I've been using a Matias FK302 since release, roughly ten years now, nearly flawless outside of the occasional bounce.
Naturally as time goes on this got worse to the point i knew a cleaning / replacement was necessary. So I started the process with keycap soup:
Then began opening the switches, they are simplified APLS SKBM clones with Matias tweaks. I've successfully cleaned these switches in the past so I knew what to expect, none the less I "successfully" bent a contact in the first switch opened after a quick clean, I was in a hurry, didn't bother to lube the slider even.
The mount is metal, and is a bit rusty after ~ten years use and abuse, this along with the bent contact, are terms for a complete disassemble, new key switches soldered and paint. So I shelved the keyboard until after the holiday shipping tripe is completed, where I can be assured the switches will arrive un bastardised. < is that a word?
So I went with a Lenovo 54Y9400 I had sitting around. A good membrane (rubber dome) keyboard widely used in data entry.
First few days no issues. Now the real issue is rearing it's ugly head. But what is it?
As I understand, rollover is programmed on board, as in keyboard. Yet when a keyswitch contacts bounce past the point of the programming, you clean / replace the switches. Simple, unless the logic board is borked.
I've been fixing the double characters prior to this sentence, here is an example:
TL;DR example on membrane KB:
1234567890))((.>??MMnNvcxxzASD you get the idea.
This is on the Lenovo 544Y9400 membrane keyboard.
[Searching] links me to mechanical switches why what and how toos, nothing about when a membrane KB does this, I've looking in /dev for ukbd to no avail, done a short bit of searching for the keyboard controller in Ubuntu, google is helping by assuming I'm working with a MIDI device. And eliminating all other interests several pages in.
Thoughts, ideas?/ << nice bounce eh?/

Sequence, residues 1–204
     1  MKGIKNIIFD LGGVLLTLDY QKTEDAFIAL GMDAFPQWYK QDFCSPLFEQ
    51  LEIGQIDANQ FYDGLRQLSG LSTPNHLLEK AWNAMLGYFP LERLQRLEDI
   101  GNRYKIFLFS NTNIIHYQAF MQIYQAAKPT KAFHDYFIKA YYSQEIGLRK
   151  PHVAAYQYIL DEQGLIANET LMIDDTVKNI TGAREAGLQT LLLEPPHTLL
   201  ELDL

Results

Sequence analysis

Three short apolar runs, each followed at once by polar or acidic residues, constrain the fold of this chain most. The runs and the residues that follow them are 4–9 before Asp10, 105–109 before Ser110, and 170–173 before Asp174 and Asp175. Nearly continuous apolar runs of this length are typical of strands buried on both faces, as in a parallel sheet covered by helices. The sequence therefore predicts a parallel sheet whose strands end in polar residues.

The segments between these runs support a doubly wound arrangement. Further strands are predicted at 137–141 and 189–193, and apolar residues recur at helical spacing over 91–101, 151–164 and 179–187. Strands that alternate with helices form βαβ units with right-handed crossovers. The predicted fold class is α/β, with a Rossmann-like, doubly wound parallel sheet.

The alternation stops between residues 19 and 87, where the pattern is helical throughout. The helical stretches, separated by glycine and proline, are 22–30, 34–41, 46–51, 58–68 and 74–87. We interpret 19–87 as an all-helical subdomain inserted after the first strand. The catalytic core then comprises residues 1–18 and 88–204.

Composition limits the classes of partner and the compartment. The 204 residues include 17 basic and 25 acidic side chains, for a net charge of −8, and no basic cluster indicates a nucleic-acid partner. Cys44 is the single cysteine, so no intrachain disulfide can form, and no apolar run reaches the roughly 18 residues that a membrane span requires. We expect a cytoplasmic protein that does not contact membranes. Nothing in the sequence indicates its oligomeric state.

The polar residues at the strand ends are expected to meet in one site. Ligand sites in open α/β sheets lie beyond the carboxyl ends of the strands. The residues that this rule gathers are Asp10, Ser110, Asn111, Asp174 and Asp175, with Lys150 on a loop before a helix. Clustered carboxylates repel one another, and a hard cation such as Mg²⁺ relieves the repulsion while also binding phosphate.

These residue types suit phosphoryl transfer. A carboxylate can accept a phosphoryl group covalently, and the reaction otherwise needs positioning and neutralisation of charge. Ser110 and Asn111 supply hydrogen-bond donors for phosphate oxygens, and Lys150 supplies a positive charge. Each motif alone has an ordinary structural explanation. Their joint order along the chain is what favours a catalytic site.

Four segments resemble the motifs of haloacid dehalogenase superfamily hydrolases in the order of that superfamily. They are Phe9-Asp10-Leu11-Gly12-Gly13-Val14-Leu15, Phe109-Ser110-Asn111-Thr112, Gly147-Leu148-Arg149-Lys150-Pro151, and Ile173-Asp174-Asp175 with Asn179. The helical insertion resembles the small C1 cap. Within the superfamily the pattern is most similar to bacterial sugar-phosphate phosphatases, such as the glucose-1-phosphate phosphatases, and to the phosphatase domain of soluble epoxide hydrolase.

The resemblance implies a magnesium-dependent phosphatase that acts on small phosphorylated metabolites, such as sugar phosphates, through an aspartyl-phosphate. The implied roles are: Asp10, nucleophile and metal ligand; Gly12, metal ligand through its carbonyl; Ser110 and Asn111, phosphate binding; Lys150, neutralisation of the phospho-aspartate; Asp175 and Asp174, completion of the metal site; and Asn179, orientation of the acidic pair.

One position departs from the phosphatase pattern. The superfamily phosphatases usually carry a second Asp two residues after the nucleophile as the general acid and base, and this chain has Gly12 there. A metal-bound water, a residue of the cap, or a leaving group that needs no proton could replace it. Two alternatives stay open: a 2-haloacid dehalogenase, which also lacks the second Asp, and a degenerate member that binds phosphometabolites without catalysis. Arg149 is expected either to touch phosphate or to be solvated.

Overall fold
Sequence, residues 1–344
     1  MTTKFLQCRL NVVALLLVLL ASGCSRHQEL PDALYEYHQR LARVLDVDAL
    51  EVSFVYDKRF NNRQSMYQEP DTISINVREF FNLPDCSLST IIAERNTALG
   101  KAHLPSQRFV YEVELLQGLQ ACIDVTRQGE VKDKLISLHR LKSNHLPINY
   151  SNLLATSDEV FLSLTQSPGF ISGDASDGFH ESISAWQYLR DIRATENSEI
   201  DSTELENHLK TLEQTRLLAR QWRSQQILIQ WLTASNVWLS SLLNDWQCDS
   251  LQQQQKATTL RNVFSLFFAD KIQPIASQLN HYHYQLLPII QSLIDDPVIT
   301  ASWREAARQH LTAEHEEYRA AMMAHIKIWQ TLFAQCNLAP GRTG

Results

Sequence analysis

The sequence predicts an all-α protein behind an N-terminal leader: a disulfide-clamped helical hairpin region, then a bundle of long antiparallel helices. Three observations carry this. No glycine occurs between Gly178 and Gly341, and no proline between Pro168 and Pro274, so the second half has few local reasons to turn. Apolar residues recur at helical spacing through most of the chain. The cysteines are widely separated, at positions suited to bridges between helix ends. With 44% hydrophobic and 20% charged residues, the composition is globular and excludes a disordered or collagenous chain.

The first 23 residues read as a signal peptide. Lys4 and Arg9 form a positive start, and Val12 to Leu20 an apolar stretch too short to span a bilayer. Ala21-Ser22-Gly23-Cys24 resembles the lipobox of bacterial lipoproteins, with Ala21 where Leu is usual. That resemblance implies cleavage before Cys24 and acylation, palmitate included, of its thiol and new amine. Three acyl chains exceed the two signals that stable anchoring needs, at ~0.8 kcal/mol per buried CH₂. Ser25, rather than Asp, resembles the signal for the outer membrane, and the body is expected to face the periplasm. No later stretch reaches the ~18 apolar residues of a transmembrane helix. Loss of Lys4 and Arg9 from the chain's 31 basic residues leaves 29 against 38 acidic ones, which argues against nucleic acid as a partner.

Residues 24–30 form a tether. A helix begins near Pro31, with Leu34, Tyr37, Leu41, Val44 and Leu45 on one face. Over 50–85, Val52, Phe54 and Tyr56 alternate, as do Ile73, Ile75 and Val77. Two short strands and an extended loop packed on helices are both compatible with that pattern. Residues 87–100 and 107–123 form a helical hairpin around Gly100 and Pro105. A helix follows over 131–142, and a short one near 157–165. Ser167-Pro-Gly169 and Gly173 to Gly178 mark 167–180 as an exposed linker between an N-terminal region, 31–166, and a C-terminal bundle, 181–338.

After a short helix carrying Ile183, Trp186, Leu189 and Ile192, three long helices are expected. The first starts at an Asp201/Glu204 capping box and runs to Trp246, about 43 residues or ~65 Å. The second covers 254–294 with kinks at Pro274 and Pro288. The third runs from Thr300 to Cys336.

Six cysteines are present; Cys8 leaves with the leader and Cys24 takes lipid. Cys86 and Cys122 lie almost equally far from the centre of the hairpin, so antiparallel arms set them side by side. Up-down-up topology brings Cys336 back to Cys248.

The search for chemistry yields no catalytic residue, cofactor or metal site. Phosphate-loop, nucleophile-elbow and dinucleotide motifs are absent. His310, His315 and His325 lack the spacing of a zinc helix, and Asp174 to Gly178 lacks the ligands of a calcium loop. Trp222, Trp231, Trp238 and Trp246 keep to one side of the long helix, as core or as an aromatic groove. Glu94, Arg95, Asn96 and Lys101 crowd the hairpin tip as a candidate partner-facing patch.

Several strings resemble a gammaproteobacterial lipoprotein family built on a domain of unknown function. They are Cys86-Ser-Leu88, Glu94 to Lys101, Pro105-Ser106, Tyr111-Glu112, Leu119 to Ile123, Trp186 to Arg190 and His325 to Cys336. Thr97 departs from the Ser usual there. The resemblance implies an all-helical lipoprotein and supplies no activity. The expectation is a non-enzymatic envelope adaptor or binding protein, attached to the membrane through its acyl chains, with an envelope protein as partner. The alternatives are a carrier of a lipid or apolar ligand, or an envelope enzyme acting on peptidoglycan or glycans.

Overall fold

Western Digital on Tuesday introduced its fourth-generation enterprise-class hard drives filled with helium. The HGST Ultrastar He12 HDD can store up to 12 TB of data, whereas its version based on shingled magnetic recording technology has a capacity of 14 TB (note, both are under the He12 brand). It is noteworthy that to increase the capacity of the HDD, Western Digital had to increase both the amount of platters in the new drives as well as their areal density.
The HGST Ultrastar He12 is built upon a completely new platform featuring eight platters, up from seven inside previous-gen drives that use Western Digital’s HelioSeal technology. The manufacturer does not reveal a lot about the new HDDs, but it looks like as the company has learned more about helium-filled drives and managed to squeeze eight platters into a 3.5” HDD to increase capacity. To add the eighth platter, Western Digital had to redesign internals of its HDDs (including arms and heads) significantly. Over the next few months, we will probably learn more about HGST's fourth-generation HelioSeal platform in general and the new HDDs in particular. Moreover, Western Digital recently said that the HelioSeal is here to stay for a long time as demand for high-capacity SSDs is growing. Therefore, helium will be used not only for PMR- and SMR-based hard drives, but for HDDs featuring future magnetic recording technologies as well (i.e., HAMR, BPM, etc.).
The increase of the amount of platters inside the Ultrastar He12 was not the only way to raise its capacity, as Western Digital also had to increase the areal density of each platter. The Ultrastar He12 with a 12 TB capacity featuring perpendicular magnetic recording technology has an areal density of 864 Gbit/inch2, whereas the Ultrastar He12 with 14 TB capacity and SMR technology has an areal density of around 1000 Gbit/inch2.